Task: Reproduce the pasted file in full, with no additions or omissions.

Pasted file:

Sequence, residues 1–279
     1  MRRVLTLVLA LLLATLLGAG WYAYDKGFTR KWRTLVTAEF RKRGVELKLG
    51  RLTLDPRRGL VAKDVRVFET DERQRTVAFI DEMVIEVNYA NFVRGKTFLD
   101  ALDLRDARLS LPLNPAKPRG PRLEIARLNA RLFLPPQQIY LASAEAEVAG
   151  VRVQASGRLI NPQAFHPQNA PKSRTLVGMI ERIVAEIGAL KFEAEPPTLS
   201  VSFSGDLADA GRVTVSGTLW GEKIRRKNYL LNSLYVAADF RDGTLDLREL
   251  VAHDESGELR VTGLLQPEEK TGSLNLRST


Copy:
Sequence, residues 1–279
     1  MRRVLTLVLA LLLATLLGAG WYAYDKGFTR KWRTLVTAEF RKRGVELKLG
    51  RLTLDPRRGL VAKDVRVFET DERQRTVAFI DEMVIEVNYA NFVRGKTFLD
   101  ALDLRDARLS LPLNPAKPRG PRLEIARLNA RLFLPPQQIY LASAEAEVAG
   151  VRVQASGRLI NPQAFHPQNA PKSRTLVGMI ERIVAEIGAL KFEAEPPTLS
   201  VSFSGDLADA GRVTVSGTLW GEKIRRKNYL LNSLYVAADF RDGTLDLREL
   251  VAHDESGELR VTGLLQPEEK TGSLNLRST